Fellowships for professionals interested in deepening their work in service of children, families, and their helpers.
Fred Rogers was a musician and believed that music was a critical component of the development of young people. In a July 22, 1999, interview for the Archive of American Television, Fred stated:
“My first love is music. It is a unique way for me to express who I am and what I am feeling. Music was always my way of saying who I was and how I felt. I was always able to cry or laugh or say I was angry through the tips of my fingers on the piano. I would go to the piano even when I was five years old. I started to play how I felt. And so, it was very natural for me to become a composer. Having written all of the music for the Neighborhood, I feel as if that’s one of my gifts to children …There is something very mystical and wonderful about how music can touch us. You know it’s elemental …It must be what Heaven is like.”
Fred’s approach to music resonates with the Gretsch family’s understanding of the emotions experienced by playing Gretsch instruments and their personal commitment to “enriching children’s lives through participation in music.” The Gretsch Fellowship in Children’s Music at the Fred Rogers Institute provides support to further study Fred Rogers’ approach to music as one of the most effective methods of communication for touching the hearts and minds of children.
This exceptional program provides an annual, two-semester appointment for a musician with notable credentials in scholarship, education, or a related background. To align with the Gretsch Family’s focus, preference will be given to guitarists and drummers, but all musical backgrounds will be considered.
During their Fellowship, each Gretsch Fellow in Children’s Music is expected to conduct research in the Fred Rogers Archive and to prepare a deliverable, such as a scholarly whitepaper, journal article, or musical performance that advances knowledge and practice related to child development and music. Topics of study will vary depending on each Fellow’s areas of expertise and may include, for example, research on Fred’s methodology for integrating music in Mister Rogers’ Neighborhood, observations of children learning and performing music, and studies of effective methods for musical instruction such as the Orff Schulwerk program that informed some of Gretsch’s approaches and perspectives.
Fred Rogers Center invites participation by academic faculty; preschool, kindergarten, and elementary teachers; music educators; and others. It is not expected that the Gretsch Fellow in Children’s Music maintains a physical presence on the campus during both semesters of the appointment.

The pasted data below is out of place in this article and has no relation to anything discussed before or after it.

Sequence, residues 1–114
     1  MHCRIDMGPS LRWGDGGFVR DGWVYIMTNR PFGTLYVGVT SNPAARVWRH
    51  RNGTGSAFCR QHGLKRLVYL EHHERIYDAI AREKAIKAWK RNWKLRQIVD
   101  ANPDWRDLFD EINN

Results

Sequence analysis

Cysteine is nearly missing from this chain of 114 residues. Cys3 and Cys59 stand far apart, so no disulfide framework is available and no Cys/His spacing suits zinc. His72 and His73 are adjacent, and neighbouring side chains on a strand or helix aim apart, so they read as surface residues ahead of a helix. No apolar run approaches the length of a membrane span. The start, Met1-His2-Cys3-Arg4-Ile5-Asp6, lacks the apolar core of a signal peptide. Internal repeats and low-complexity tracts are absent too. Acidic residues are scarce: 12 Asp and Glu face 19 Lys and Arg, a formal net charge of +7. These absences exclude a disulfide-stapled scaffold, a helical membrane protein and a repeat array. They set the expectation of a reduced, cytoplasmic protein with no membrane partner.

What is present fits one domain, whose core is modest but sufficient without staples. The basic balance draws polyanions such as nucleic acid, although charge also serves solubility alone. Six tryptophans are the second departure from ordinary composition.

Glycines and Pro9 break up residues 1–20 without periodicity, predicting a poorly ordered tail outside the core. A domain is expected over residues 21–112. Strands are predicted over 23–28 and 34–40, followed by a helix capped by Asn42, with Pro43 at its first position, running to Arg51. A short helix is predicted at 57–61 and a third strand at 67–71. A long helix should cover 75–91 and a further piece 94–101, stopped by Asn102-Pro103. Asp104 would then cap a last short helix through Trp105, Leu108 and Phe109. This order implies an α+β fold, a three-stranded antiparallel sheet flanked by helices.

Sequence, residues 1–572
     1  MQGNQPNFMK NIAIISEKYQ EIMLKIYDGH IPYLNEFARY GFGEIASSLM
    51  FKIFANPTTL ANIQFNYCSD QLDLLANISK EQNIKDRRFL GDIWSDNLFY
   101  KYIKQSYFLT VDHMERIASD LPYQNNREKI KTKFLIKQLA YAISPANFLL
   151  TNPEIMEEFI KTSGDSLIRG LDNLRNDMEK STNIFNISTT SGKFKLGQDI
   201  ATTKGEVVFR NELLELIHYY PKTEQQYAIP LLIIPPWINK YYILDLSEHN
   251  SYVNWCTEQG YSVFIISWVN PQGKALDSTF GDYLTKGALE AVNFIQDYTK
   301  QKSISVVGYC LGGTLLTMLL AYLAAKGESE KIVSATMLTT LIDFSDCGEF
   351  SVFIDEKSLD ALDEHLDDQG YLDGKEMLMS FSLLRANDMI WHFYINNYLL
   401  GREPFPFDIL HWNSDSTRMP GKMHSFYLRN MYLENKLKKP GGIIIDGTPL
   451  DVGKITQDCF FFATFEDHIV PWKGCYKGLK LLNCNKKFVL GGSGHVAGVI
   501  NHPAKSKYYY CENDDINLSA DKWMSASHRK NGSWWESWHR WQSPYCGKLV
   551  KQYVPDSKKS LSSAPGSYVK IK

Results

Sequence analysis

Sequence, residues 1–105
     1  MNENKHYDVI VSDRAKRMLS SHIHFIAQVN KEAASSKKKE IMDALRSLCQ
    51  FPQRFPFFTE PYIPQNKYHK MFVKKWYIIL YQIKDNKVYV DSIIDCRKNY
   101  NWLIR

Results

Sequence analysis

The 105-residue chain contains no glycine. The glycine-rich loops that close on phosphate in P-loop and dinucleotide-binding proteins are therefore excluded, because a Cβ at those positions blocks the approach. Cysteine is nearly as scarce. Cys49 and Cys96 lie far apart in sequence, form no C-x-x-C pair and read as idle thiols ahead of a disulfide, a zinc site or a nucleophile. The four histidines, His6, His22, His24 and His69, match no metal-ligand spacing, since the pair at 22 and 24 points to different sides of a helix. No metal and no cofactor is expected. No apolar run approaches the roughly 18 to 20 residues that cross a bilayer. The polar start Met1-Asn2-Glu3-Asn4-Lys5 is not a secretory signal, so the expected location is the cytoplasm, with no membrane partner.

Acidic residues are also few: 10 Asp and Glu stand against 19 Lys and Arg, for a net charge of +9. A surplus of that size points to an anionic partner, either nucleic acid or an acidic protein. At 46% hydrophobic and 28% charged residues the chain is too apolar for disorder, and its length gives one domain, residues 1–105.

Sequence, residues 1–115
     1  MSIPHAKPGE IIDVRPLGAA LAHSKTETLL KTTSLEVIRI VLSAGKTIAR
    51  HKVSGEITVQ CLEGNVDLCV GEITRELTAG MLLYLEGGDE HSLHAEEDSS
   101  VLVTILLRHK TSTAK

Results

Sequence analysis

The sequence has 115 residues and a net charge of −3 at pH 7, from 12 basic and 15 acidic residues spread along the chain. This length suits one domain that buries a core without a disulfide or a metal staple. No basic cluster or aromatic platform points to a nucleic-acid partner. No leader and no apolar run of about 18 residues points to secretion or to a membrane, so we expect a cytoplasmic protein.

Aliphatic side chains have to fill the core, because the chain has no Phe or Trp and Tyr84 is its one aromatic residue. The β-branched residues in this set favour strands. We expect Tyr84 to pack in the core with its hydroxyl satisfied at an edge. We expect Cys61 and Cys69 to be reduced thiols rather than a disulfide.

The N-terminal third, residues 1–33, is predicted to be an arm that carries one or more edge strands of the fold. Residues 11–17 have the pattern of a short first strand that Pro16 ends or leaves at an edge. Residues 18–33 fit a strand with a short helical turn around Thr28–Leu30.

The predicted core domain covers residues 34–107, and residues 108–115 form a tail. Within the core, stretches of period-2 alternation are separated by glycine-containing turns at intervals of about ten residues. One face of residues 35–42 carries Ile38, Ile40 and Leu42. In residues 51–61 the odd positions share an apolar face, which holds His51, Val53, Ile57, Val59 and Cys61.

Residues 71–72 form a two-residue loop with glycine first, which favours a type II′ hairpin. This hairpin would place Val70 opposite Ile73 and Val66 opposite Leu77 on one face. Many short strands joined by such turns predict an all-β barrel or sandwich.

Applications for the Gretsch Fellowship open in early spring of each year. Sign up for our newsletter (scroll to the bottom of this page to the grey banner!) to be notified when applications are live.
Fred Rogers cared about the wellbeing of all people, demonstrating this through nearly 900 episodes of Mister Rogers’ Neighborhood and in countless writings and speeches. The Fred Rogers Institute continues to work in support of children and young people’s health and wellbeing and has been troubled that behavioral and mental health problems have increased in recent years, especially among young people. Effects from the COVID-19 pandemic have heightened the problem, with issues related to social isolation, emotional instability, and anxiety on the rise. When unresolved, these issues also can lead to suicide ideation, a specific concern that should be addressed at its root. Fred directly addressed many challenges that others often chose to ignore; the Mental Health and Wellness Fellowship allows us to follow his lead by providing effective tools and strategies to combat head-on the many challenges our children and young people are facing in today’s society.
The Fred Rogers Institute has been proud to partner with the Citrone 33 Foundation on many worthwhile endeavors, the most recent of which is this focus on mental health and wellness in the form of a three-year fellowship for Dr. Rebecca Zill, neuropsychologist with Allegheny Health Network (AHN) in Pittsburgh. Dr. Zill and Dr. Dana Winters, Executive Director of the Fred Rogers Institute have collaborated on previous projects related to the mental health and wellbeing of children and young people. This fellowship is a fitting extension of their work together.